More comprehensive technical study pushed for Malampaya’s life extension

Published August 5, 2020, 10:00 PM

by Myrna M. Velasco

The country’s lawmakers as well as state-run Philippine National Oil Company-Exploration Corporation (PNOC-EC) are pushing for a more comprehensive technical study to assess the scale of extractable gas resources that shall underpin life cycle extension for the Malampaya gas field.

Through House Resolution No. 1063 filed in the House of Representatives, several lawmakers are pushing for the country’s energy security agenda that shall be mainly anchored on the development of indigenous resources, including oil and gas as well as renewable energy (RE) installations.

For one, Representative Godofredo N. Guya noted in a virtual forum that the clock is now ticking for the remaining years of operations of the Malampaya field, hence, a decision from the government shall already be pressed to determine if that gas facility can still continually supply the energy needs of the Philippines.

Congressman Presley C. De Jesus of PHILRECA Party List, noted though that government to be led by the Department of Energy (DOE) must carry out a deep-dive technical study first on the extent of resources that can still be commercially developed before giving go-signal on fresh flow of investments in the gas project.

He further acknowledged the need for government to sort out challenges hamstringing investment flow – primarily in the exploration of oil and gas resources and in enticing capital for the energy sector in general.

De Jesus said such policy concerns will be tackled in the resolution that they have filed in Congress; and it is targeted that discussion and debates on the measure will kick off next week at the House Committee on National Defense and Security.

Retired General Rozzano D. Briguez, president and CEO of state-owned Philippine National Oil Company-Exploration Corporation (PNOC-EC), said the company will advance partnership with expert institutions, such as the University of the Philippines, on target to undertake further study of the country’s petroleum basins, including residual prospects for the Malampaya field. That initiative, he said, will be in coordination with the DOE.

Lack of dependable and viable seismic data, he emphasized, had partly contributed to the lag in the country’s petroleum exploration and development activities – that often in a year, it just entails one well drilling for the Philippines compared to 13.5 to 14 wells in neighboring countries such as Malaysia; and even more aggressive in the case of Indonesia.

Briguez said the company “intends to pursue collaboration with other institutions and companies to further study Philippine sedimentary basins to assess their petroleum potential given new information and advances in technology.”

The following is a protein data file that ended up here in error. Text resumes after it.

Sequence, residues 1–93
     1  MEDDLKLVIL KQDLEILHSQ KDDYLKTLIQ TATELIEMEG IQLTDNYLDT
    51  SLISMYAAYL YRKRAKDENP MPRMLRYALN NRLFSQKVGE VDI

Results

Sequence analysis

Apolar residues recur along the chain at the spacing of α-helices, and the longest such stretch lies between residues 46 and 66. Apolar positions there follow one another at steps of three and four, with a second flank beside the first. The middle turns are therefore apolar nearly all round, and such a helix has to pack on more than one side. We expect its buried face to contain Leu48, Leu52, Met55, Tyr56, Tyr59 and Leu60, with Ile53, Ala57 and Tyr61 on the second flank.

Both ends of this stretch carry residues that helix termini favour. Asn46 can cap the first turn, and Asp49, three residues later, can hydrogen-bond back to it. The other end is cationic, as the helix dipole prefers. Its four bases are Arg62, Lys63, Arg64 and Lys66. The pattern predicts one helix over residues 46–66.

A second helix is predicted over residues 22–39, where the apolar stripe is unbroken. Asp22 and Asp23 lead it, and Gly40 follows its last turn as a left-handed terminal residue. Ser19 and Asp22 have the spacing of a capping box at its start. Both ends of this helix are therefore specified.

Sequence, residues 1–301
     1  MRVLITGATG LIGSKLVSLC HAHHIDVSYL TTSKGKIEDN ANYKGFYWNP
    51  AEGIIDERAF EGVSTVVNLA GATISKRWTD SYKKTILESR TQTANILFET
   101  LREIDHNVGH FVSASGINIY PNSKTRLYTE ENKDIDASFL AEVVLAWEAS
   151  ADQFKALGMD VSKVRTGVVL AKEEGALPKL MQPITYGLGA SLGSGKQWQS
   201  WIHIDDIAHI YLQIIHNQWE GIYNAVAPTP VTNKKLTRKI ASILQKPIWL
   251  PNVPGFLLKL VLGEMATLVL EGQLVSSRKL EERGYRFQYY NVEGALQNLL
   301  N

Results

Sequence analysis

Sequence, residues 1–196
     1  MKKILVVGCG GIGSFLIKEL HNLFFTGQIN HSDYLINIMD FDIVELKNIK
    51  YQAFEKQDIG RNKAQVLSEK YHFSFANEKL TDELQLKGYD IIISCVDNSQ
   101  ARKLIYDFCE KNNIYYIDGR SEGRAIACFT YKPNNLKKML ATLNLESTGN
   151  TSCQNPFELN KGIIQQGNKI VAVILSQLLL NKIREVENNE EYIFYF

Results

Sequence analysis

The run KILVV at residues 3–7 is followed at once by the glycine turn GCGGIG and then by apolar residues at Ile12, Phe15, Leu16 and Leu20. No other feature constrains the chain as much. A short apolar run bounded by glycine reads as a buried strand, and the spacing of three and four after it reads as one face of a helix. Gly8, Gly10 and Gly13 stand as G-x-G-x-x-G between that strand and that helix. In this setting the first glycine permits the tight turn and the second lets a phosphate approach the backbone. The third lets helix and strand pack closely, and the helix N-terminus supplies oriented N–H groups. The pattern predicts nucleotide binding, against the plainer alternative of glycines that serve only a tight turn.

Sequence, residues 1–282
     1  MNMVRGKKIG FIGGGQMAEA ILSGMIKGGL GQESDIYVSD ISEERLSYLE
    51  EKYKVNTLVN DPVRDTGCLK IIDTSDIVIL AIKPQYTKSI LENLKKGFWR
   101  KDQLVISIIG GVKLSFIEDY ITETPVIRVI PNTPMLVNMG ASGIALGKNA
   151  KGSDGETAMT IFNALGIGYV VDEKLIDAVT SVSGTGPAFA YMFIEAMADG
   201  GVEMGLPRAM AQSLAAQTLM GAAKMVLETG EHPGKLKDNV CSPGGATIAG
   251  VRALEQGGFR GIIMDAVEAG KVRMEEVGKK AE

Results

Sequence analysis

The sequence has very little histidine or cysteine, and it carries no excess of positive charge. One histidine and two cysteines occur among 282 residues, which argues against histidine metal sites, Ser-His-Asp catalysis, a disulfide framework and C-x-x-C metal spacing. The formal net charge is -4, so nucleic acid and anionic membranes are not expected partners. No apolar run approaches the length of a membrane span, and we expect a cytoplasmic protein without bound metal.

He explained “the main objective is to open new areas of exploration by ensuring that the country’s geologic sedimentary basins are well-studied and properly marketed to possible investors.”

The PNOC-EC chief said their targeted study would eventually underpin plans to “pursue exploration and new service contracts,” primarily in prospect areas in Cotabato, Cagayan, East Palawan and West Philippine Sea basins.

Even the DOE previously admitted that “weak data” had been among the factors wobbling investors’ entry into the country’s upstream petroleum sector.

Beyond that, the country is also shackled by more complex issues, such as the territorial dispute in the West Philippine Sea and the seemingly low prospectivity of petroleum basins in the country.

There are also policies and rules still needing to be cleared up – such as the income tax treatment on the royalty sharing arrangement for the Malampaya project, which is still pending with the Supreme Court.

As the energy department has laid down, the tax case raised by the Commission on Audit (CoA) and the escalation of diplomatic tension at the West Philippine Sea fundamentally limped capital flow in the Philippine upstream oil and gas sector.

In terms of prospectivity of petroleum reserves, it has been emphasized that it could be very marginal in the Philippines – at just the rate of 10 to 20-percent; while other countries even in the ASEAN region have higher scale of prospectivity.

The upstream petroleum sector is one of the segments that the DOE would want to revive for investment flow when the coronavirus pandemic wanes, although it is cognizant of the fact that this could be a hard sell proposition given the decline of oil prices especially at the height of lockdown enforcements in many countries.

The energy department is lining up tender process for several petroleum blocks – including those in the West Philippine Sea, but it indicated that actual bidding will be scheduled when interested parties can already physically attend the process.